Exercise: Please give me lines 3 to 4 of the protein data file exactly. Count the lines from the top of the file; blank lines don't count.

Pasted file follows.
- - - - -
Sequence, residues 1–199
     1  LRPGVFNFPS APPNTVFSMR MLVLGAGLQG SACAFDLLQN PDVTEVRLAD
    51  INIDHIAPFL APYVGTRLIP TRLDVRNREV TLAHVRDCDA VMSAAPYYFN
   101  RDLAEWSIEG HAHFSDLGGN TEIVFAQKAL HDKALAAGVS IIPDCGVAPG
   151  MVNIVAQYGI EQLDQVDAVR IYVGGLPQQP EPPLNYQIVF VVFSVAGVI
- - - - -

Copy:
    51  INIDHIAPFL APYVGTRLIP TRLDVRNREV TLAHVRDCDA VMSAAPYYFN
   101  RDLAEWSIEG HAHFSDLGGN TEIVFAQKAL HDKALAAGVS IIPDCGVAPG